My Dad makes these amazing farm tables. Amazing, in that I refuse to work with power tools and wouldn’t have the patience to do all of the measuring and mathematics involved in building one of these guys!

But, Dad is a bit of a perfectionist. If he had it his way, every piece of wood would be planed, joined, sanded smooth until all the imperfections were completely eliminated. So, between the two of us, he can build a perfectly cut and measured farm table made of beautifully embellished and imperfect wood!

Truly, this is a two person (Father/Daughter) process from start to finish. Well…he does most of the work while I just make it look pretty! I do help load and pick out the wood, however. It typically involves one of the rolling ladders at Home Depot and a pile of cast off boards that are too evenly cut or don’t have enough cracks or knots.

While Dad hands me board, I load or discard based on the look of the wood.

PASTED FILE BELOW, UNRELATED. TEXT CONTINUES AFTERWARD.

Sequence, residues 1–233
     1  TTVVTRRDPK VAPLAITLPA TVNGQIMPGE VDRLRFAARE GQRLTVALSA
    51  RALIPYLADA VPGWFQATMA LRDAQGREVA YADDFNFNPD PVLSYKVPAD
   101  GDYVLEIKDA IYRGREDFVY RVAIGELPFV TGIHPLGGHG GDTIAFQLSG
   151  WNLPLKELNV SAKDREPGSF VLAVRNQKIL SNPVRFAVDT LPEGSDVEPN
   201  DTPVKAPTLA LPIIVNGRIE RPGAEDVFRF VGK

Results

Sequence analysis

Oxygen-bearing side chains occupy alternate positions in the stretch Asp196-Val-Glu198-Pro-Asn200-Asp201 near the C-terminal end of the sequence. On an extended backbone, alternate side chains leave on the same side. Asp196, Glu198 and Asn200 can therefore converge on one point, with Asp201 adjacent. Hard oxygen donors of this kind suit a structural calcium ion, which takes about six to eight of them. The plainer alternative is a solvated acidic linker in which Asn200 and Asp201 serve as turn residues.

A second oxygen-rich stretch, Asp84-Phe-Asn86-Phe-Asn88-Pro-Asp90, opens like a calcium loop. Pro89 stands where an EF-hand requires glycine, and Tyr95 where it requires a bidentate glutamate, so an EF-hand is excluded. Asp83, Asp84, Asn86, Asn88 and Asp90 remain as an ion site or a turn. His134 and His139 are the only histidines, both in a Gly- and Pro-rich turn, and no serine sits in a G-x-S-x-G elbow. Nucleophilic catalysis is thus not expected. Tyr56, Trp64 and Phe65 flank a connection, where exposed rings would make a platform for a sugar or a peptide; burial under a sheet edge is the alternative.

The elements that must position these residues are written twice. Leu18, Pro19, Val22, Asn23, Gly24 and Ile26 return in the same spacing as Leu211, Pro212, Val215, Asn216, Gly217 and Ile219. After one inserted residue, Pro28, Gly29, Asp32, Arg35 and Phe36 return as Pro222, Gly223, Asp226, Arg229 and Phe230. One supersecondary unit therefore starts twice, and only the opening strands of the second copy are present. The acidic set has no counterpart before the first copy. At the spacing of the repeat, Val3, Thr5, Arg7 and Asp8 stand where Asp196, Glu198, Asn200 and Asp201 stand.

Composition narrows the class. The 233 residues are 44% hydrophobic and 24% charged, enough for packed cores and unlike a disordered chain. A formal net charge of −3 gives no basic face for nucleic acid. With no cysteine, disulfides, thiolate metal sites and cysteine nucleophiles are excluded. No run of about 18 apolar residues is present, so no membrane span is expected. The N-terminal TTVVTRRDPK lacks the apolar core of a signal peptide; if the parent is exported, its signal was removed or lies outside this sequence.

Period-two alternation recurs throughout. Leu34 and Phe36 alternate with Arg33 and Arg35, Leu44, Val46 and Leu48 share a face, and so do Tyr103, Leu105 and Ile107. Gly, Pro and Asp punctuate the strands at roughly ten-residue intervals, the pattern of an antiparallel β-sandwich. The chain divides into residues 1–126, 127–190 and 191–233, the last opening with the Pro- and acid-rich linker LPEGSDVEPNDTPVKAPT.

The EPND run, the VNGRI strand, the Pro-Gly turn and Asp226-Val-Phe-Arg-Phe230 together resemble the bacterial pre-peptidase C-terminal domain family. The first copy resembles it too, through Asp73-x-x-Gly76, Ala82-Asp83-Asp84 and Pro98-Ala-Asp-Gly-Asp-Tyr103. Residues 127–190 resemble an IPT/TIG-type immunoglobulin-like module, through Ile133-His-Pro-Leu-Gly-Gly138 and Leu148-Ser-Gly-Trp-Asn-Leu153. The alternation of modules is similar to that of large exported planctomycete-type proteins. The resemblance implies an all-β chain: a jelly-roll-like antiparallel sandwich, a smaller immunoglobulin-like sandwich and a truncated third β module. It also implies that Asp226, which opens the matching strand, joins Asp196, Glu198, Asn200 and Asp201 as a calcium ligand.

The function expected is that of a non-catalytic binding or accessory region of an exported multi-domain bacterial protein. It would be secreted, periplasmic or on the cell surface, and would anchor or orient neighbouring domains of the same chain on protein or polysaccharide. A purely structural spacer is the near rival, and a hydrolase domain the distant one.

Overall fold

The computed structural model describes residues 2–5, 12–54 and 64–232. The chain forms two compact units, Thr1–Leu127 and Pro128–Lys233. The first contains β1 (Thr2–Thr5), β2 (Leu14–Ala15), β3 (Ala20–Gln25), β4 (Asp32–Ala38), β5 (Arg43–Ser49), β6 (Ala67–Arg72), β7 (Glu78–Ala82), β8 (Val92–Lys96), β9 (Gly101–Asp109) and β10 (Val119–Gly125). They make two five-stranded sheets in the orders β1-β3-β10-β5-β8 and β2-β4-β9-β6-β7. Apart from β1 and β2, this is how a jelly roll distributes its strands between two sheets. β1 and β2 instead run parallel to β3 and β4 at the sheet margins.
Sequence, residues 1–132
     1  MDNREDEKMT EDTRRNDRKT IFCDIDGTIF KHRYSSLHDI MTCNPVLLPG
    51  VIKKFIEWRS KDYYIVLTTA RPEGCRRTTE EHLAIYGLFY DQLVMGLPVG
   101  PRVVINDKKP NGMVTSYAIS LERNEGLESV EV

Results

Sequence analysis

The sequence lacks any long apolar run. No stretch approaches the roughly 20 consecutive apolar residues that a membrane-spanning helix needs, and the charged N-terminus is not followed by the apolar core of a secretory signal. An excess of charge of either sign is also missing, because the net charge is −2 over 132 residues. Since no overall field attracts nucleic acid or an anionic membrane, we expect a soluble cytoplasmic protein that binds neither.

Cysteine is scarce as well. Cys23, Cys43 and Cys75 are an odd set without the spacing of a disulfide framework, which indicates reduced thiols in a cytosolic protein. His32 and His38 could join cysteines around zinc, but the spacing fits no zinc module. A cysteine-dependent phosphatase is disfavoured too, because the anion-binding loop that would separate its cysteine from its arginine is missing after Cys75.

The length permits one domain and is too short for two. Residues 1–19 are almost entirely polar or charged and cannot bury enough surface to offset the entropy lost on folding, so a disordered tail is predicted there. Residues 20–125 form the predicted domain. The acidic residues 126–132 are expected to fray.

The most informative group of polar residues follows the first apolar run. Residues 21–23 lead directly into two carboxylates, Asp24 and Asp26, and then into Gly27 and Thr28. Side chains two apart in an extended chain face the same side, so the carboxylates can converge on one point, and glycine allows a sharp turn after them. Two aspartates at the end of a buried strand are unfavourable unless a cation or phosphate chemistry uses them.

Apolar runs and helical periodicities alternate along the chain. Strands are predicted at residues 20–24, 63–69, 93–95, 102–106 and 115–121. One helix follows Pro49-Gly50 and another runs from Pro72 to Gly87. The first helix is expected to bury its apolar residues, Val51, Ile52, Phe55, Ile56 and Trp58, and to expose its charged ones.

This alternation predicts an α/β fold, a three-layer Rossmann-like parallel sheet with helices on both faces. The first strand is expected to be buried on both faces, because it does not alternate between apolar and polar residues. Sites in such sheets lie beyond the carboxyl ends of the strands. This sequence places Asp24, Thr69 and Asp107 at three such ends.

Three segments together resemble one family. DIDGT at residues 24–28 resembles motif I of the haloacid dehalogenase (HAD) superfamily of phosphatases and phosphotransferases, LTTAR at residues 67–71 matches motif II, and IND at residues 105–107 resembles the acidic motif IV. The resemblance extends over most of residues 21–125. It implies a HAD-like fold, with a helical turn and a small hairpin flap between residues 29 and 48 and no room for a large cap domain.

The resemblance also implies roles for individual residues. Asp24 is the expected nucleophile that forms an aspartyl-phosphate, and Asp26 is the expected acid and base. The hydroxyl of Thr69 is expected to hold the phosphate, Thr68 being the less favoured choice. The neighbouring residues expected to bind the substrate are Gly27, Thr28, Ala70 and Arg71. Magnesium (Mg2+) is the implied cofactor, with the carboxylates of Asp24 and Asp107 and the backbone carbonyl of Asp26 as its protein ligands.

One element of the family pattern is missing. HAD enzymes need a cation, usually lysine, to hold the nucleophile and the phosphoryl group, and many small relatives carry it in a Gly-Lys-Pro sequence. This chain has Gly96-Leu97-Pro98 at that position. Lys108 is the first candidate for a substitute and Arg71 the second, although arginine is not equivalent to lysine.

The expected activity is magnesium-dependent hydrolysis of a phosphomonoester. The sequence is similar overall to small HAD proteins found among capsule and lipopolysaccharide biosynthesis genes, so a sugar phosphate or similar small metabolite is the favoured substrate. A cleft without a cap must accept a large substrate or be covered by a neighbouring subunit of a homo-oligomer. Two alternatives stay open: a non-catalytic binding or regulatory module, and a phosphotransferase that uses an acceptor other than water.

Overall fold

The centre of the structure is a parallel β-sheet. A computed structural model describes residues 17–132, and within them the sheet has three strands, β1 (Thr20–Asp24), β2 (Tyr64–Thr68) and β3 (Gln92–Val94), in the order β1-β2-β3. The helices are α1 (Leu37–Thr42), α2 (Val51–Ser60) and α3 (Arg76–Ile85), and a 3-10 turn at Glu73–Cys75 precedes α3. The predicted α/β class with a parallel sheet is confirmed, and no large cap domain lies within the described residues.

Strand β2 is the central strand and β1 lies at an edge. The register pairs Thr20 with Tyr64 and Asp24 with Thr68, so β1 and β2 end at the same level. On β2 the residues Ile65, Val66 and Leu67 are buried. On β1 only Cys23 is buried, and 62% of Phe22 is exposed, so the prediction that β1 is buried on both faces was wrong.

So, what am I looking for? Deep wood grain that will take the stain in varying shades and show a degree of the original color when it is sanded smooth. I’m also looking for knots…lots of knots.

We use Douglas Fir to build these guys which is both affordable but also a really pretty and generally knotty pine. If the knots have cracks or grooves that go out from them, that’s even better. I also like the sides of the wood to be varied. Meaning, I don’t want a perfectly straight edge that butts right up to the next wood. The gentle variation adds great visual interest and the irregularity that comes most frequently with reclaimed lumber.

This was one of those projects that absorbed several weeks of time but was never visible or present at the shop. It was long days working at Dad’s workshop after store hours staining and oiling the boards and was among the many pieces of commissioned work I did in September!

We delivered the table to this beautiful farm house in La Verne complete with a backyard barn! I was swooning over this property! And, I love how they juxtaposed the rustic feel of the farm table with the contemporary chairs.


If you’re looking to build your own farm table, you can get the plans for free here. Or, if you’re more like me and don’t have the time or desire to pick wood, measure twice and sometimes cut twice, then Dad can build one for you, too!